close up shot of a person holding a beer bottle
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As the third child and only girl, Lisa longed to be daddy’s little girl. Too young at the time to understand that her father had a problem with drugs and alcohol, Lisa resented her mom for leaving her dad. Her early childhood wasn’t easy. Lisa was sexually abused in and out of her home and church, which diminished her trust in people. At 15, she began dating a young man and dropped out of school. By 18, Lisa was a mother to a baby girl and working two jobs. She didn’t socialize, go out, or party until she turned 21 and her relationship with her daughter’s father ended.

At age 22, Lisa was in a new, serious relationship. He introduced her to alcohol, encouraging her to take a drink to loosen up. She didn’t like the taste or smell, but she noticed that the drink changed her. She was engaging, laughing and singing. But alcohol had not taken over her life yet. 

By 24, Lisa was no longer in a relationship and started drinking more. The drinks allowed her to forget about her ex-boyfriend and feel free of any thoughts that would bring her down. It was at that point that she committed to a relationship with alcohol. Not long after, she was introduced to crack. Her mom, whom she was living with at the time, saw that Lisa had a problem and suggested a detox program. 

1993 was when Lisa entered her first recovery program and was introduced to Samaritan Inns, a D.C.-based nonprofit combating homelessness and addiction. She recalls entering the beautiful home with wooden floors and big chandeliers as everything a young lady would need in life. Of course, Lisa wanted to do the right thing and build the right relationships, but she knew deep inside that she wasn’t being true and honest with her counselor or herself to succeed with the program. 

For years Lisa struggled with her addiction. It wasn’t until January 2004 that she hit rock bottom. Her family cut off ties. She was homeless and afraid of her own shadow. The fact that she was coughing up blood didn’t prevent her from continuing to drink, even though she wanted to stop. By February, she cried and prayed for God to help her. And by His will, she found herself back at Samaritan Inns and wrapped in the embrace of her Samaritan Inns roommate from seven years prior, who had now become an intake counselor.

April is Alcohol Awareness Month, and with nearly 15 million people ages 12 and older struggling with alcoholism, it’s important to share stories like Lisa’s to illustrate the journey and the potential of success.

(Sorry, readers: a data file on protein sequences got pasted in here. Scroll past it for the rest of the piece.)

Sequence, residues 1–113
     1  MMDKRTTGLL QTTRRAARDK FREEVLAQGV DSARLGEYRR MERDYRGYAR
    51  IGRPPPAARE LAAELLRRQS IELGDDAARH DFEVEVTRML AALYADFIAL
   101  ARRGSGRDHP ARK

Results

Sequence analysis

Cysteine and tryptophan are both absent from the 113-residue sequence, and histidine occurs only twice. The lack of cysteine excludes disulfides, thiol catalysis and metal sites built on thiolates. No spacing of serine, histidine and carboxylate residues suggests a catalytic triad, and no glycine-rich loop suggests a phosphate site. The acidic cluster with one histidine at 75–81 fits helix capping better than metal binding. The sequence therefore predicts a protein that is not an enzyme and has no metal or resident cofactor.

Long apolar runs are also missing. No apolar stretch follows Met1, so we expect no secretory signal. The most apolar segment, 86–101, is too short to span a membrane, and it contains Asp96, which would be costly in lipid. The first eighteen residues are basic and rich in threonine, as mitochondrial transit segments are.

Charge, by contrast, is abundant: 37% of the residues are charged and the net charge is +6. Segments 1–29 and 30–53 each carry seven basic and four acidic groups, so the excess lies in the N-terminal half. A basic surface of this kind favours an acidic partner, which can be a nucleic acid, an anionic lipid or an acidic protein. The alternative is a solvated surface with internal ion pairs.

Lisa’s story reminds us that recovering from addiction is a life-long journey. Each person who comes to Samaritan Inns — be it the first time or countless efforts — will have the wraparound services to get them to live a healthy and meaningful life. Its mission is to provide structured housing and recovery services in an environment of support and accountability to give men, women, and families at risk of or experiencing homelessness and who suffer from drug and alcohol addictions the opportunity to rebuild their lives. 

Lisa is now living a great life. With the confidence she gained from Samaritan Inns, she went back to school to earn her GED and a degree from the University of the District of Columbia. Lisa is married and enjoying a loving relationship with her daughter and grandchildren. She is committed to her relationship with God and as a sponsor for those who reach out to her for support. Lisa does what the good people and support networks of Samaritan Inns have done for her.

Lauren C. Vaughan is president and CEO of Samaritan Inns, a D.C. nonprofit dedicated to combating homelessness and addictions. 

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1 Comment

  1. While I fight to overcome the battle of addiction on a daily basis (have been for years now) thru prayer and surrounding myself around positive family members and friends- I certainly can relate to this article.
    Such an awesome read Miss Lauren!

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